The Hunger Gap

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Survivor_316

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Sep 30, 2022
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The What's For Dinner thread got me thinking- for those of us who live in an area where we experience a Hunger Gap (Or "Hungry Gap," depending on where you live), what do you grow in your cold frames or to overwinter that will fill the gap?

Of course, hopefully we all have enough food stored for that time, but I like to think in terms of how I would survive if stores were all gone, too. Storing varieties of beans, grains, potatoes, squash, etc. are essential.

We are trying some new varieties here this year that I'm hoping will be good fresh foods during that time:

Prestige Cauliflower- long dtm, overwintering
White Queen Leaf Parsley- short dtm, but overwinter
Green in Snow Mustard-Grows during winter
Spring Rapini Broccoli Rabe- I have grown but never overwintered.
Giant Winter Leek
Buck's Horn Plantain- perennial
Salad Burnet- perennial
Red Core Chantenay Carrot- good for winter cilultivation and harvest

Most of these are from Adaptive Seeds.

Others we grow- Miner's lettuce, corn salad, brassicas, lettuces, radicchio. I'm not big on any root crops other than carrots and potatoes, but I do grow them.

Any overwintering things you grow for early spring when not much is ready? Any wild edibles like spring beauties that you would plan to harvest? Recipes? If love to hear your thoughts.
 
The What's For Dinner thread got me thinking- for those of us who live in an area where we experience a Hunger Gap (Or "Hungry Gap," depending on where you live), what do you grow in your cold frames or to overwinter that will fill the gap?

Of course, hopefully we all have enough food stored for that time, but I like to think in terms of how I would survive if stores were all gone, too. Storing varieties of beans, grains, potatoes, squash, etc. are essential.

We are trying some new varieties here this year that I'm hoping will be good fresh foods during that time:

Prestige Cauliflower- long dtm, overwintering
White Queen Leaf Parsley- short dtm, but overwinter
Green in Snow Mustard-Grows during winter
Spring Rapini Broccoli Rabe- I have grown but never overwintered.
Giant Winter Leek
Buck's Horn Plantain- perennial
Salad Burnet- perennial
Red Core Chantenay Carrot- good for winter cilultivation and harvest

Most of these are from Adaptive Seeds.

Others we grow- Miner's lettuce, corn salad, brassicas, lettuces, radicchio. I'm not big on any root crops other than carrots and potatoes, but I do grow them.

Any overwintering things you grow for early spring when not much is ready? Any wild edibles like spring beauties that you would plan to harvest? Recipes? If love to hear your thoughts.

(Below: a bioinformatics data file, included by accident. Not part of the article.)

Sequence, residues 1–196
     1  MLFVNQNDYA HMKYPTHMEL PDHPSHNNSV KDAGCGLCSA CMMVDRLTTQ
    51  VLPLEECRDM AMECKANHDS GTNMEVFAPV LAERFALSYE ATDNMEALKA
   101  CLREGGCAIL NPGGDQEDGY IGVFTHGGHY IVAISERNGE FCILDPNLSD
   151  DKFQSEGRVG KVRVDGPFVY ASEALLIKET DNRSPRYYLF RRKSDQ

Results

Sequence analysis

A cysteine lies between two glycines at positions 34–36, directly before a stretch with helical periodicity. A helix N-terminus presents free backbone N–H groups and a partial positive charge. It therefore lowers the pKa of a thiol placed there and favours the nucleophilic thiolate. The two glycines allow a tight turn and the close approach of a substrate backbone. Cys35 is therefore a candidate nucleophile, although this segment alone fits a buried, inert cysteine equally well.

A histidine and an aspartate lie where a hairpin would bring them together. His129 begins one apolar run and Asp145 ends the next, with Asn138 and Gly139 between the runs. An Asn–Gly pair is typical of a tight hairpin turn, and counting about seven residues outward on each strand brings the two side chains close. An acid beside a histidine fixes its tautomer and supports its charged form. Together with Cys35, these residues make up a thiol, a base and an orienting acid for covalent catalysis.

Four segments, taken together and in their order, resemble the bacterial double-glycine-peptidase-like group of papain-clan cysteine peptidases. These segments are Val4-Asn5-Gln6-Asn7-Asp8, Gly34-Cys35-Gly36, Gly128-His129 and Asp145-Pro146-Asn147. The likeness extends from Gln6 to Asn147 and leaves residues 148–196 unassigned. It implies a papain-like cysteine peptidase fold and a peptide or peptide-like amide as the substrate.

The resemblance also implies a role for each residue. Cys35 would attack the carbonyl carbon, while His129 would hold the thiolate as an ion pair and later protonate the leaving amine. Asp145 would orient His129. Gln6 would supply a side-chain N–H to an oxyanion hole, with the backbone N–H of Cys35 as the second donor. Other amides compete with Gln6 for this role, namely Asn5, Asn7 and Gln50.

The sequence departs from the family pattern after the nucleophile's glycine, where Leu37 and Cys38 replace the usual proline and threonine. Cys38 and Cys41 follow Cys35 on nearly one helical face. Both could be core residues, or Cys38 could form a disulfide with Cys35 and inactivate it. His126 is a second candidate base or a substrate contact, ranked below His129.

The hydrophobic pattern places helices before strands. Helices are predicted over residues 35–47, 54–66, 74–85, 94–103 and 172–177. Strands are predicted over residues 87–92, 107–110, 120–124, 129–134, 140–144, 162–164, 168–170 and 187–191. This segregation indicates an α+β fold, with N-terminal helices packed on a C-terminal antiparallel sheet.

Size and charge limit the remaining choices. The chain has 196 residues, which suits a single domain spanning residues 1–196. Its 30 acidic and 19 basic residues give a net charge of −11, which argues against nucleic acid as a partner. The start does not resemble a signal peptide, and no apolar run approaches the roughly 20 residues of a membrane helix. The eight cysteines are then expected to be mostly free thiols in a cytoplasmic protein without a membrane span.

I grew up in the northern regions. My mother had my father make planters indoors (basement) with grow lights. She grew simple things like peas, lettuce, beans etc.
 
Even with grow lights, my plants get too leggy inside. My grow lights must not be very great.

I don't remember what they were called, but there was a special kind of bulb she used...it was a faint pink/purple....and they were on an adjustable chain so that she could slowly lift them as the plants grew, but, they were never too far from the tops if I remember correctly...and I think she used to "pinch" off the tops at the beginning so that they grew out rather than up.
 
We can enjoy the funny side of winter here. The winters are not so harsh any more, the grass stays green, carrots stay in the ground till needed to be harvested, root cellar helps, pumpkin, squash, potatos and apples store well. The canned fruits and veggies, canned meats and lots of boullion to add to rice, noodles and beans rounds up the food needs in winter. We have not tried to grow indoors yet, but the 60 ft. long and 4 ft. wide greenhouse will give us a great place to try if needed....
 
I don't remember what they were called, but there was a special kind of bulb she used...it was a faint pink/purple....and they were on an adjustable chain so that she could slowly lift them as the plants grew, but, they were never too far from the tops if I remember correctly...and I think she used to "pinch" off the tops at the beginning so that they grew out rather than up.
I will try that! Thanks!
 
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